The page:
“It was exciting to see him roll. I was trying to find my place in it because he was on a roll,” Wallace said.

When Tate did his first solo roast, he called Wallace and asked him to sample it. Wallace agreed and they asked Menc, who they call their “resident coffee connoisseur,” to try it as well.

“We had low expectations for the first roast but it was actually really good,” Wallace admitted. “After that it was a natural fit to have John help us out with this. John knew coffee better than Art and I do. So the two of us decided right then that it was a natural fit to add John in on this with us.”

Menc said he had briefly heard about what his two friends were thinking about doing right before he took his first sip of Tate’s first attempt so he didn’t have much time to process it.

“I was enthusiastic about it. I love supporting local business especially in the time of the pandemic. I was really enthusiastic about their vision and mission to create coffee for consumption in the firehouse,” he said.

The short months that followed have been filled with Tate perfecting the coffee he wants to create while Wallace focuses on labeling and sales and Menc does design work and marketing.

The fledgling coffee company currently has two Brazilian bean products, the Command Roast, which is a medium roast, and Smoke Showing, a dark roast, Tate said. The last several months have had their share of trial and error as they figured out the roast they wanted to share with customers. He would create small batches and often bring them to be taste tested by their fellow firefighters and EMTs.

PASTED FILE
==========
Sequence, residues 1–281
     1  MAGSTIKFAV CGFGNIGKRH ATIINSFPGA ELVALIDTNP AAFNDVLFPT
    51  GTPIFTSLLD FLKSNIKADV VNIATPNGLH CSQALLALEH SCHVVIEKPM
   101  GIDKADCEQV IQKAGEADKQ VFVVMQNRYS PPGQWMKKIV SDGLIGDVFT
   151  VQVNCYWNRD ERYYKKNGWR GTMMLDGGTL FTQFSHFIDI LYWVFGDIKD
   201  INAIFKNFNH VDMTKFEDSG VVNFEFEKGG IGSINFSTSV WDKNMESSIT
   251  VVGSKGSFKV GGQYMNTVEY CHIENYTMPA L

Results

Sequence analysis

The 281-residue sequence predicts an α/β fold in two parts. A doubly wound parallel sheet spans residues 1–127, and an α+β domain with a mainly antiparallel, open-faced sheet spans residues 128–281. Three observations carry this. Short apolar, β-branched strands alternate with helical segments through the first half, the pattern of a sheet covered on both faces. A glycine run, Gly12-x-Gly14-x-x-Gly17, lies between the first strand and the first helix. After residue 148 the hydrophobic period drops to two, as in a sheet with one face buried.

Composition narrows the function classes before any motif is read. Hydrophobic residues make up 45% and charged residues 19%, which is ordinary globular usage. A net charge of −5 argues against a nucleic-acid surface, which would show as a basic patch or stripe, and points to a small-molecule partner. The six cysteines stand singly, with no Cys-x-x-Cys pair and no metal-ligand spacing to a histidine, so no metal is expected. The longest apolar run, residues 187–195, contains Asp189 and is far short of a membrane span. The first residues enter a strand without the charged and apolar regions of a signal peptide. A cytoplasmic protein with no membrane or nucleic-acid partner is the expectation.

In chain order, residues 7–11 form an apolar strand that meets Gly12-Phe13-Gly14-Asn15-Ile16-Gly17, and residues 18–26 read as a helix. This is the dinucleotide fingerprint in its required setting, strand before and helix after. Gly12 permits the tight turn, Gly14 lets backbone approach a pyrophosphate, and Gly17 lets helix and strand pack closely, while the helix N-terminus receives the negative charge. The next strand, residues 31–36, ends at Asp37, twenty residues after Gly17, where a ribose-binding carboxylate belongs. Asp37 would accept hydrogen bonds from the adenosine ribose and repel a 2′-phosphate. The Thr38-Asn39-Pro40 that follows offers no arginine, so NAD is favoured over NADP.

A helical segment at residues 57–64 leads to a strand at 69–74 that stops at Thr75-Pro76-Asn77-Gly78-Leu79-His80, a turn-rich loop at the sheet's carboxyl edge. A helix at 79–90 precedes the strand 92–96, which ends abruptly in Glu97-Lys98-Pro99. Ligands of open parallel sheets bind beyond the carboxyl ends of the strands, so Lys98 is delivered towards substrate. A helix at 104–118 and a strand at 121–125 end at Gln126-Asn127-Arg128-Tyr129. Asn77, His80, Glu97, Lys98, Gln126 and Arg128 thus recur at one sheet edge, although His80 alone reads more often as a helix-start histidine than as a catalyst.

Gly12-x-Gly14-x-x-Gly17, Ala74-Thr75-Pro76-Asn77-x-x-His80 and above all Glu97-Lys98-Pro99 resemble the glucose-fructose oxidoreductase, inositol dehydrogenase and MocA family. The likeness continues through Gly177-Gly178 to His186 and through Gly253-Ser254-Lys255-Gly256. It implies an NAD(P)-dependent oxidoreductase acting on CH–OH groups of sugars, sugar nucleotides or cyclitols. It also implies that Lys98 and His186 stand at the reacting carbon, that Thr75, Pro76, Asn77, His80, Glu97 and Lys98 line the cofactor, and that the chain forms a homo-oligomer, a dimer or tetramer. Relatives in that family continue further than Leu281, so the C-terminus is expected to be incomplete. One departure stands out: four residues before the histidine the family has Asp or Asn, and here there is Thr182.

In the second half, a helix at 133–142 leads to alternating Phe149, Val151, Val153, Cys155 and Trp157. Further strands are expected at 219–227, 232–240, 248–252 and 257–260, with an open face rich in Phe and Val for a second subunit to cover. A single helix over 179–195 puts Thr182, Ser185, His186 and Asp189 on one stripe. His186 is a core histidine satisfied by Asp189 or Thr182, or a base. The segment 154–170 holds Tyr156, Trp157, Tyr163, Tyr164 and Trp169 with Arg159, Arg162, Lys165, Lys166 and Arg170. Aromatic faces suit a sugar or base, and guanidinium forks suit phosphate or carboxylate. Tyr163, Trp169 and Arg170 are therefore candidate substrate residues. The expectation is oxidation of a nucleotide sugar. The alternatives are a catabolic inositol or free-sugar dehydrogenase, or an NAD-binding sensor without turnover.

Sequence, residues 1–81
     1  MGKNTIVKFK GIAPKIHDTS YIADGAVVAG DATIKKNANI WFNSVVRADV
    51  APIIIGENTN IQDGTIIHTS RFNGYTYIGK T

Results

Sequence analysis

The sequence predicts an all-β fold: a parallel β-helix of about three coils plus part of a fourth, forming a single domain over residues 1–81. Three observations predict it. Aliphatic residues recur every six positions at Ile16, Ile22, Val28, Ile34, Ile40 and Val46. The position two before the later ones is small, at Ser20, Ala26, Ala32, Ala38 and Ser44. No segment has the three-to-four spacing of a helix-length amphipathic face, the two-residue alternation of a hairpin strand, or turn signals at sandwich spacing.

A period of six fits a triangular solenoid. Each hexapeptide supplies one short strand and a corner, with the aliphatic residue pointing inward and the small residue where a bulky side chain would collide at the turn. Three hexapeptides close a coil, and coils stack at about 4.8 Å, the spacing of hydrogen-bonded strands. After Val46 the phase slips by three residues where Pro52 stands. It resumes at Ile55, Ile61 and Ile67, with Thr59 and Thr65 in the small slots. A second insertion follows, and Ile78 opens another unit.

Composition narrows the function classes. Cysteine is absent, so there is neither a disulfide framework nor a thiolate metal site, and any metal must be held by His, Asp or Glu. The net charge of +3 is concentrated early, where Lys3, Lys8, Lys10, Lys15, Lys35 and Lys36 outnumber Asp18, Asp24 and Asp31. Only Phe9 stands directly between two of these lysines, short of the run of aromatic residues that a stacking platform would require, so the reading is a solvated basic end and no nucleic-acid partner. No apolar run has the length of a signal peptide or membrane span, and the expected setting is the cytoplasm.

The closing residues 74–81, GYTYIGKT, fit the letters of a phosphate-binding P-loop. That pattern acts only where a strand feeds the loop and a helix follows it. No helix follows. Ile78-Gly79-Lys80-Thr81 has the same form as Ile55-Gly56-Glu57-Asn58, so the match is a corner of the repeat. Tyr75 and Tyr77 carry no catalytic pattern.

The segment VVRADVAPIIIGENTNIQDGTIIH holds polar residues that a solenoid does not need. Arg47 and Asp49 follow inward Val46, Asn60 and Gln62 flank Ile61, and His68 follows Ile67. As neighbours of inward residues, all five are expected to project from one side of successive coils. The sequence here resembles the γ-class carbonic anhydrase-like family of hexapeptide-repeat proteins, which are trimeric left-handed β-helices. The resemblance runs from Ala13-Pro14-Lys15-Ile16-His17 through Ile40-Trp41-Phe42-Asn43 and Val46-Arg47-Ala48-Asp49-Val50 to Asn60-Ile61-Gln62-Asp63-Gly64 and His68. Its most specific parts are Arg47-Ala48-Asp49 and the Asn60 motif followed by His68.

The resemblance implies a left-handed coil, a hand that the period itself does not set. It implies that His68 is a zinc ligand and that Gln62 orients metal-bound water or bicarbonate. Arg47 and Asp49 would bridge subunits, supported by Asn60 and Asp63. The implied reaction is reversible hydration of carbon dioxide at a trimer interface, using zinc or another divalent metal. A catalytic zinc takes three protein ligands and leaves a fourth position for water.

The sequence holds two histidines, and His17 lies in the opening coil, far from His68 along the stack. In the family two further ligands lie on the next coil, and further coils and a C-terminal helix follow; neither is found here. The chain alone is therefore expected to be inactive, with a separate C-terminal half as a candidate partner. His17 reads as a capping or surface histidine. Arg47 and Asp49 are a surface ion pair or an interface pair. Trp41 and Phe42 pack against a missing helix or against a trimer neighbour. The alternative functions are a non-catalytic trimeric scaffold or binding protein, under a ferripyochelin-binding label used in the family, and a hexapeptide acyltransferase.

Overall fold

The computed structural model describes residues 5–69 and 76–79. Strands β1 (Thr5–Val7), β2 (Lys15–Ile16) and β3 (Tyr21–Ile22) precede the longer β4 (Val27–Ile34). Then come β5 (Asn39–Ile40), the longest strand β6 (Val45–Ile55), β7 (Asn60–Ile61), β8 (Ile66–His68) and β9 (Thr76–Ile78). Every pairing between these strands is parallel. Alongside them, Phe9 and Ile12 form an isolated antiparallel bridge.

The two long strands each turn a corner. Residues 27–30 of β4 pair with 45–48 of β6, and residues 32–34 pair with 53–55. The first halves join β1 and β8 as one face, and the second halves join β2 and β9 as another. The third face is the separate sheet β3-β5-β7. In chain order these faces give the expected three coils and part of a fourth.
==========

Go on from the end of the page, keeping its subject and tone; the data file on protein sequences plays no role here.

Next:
“If you want feedback go to a fire station because they will be glad to tell you anything that is wrong that,” he said with a laugh.

The trio agree that the process, while involved, is also something they see as being a healthy move for themselves and their families in the long run. They each run their parts of the business from their own homes on their days off. They are hoping to eventually stop their other part-time jobs and have more time at home with family, Menc said.

“The fire service takes up about one third of your life away from families. It is very rough on families,” he said. “Anything we can do to keep us home with our families longer is something we are looking to do.”

The mental health of public safety employees is important to the three men, which is why they also committed to donating 10 percent of their annual profits to Checkpointe One, a nonprofit based in Doswell that provides equine therapy to firefighters, EMTs, law enforcement, and 911 dispatchers, Tate said. The nonprofit closed in 2020 because of lack of funding but managed to come back with reduced hours to provide its free services for those who need it.

“I know people who have been in the program and it is has changed them from being depressed. Suicide in public service is huge. If we can get these folks help so they are able to be a functioning part of society, that is huge for us,” Tate said. “It may happen to one of us where a call goes bad and we are not able to handle it. At least we know there would be a place to go if we needed help.”

For now, the trio is mostly selling their coffee beans online, but they are also reaching out to stores and restaurants about creating partnerships.

For more information, visit tripletapcoffee.com.

Laura McFarland may be reached at Lmcfarland@powhatantoday.com.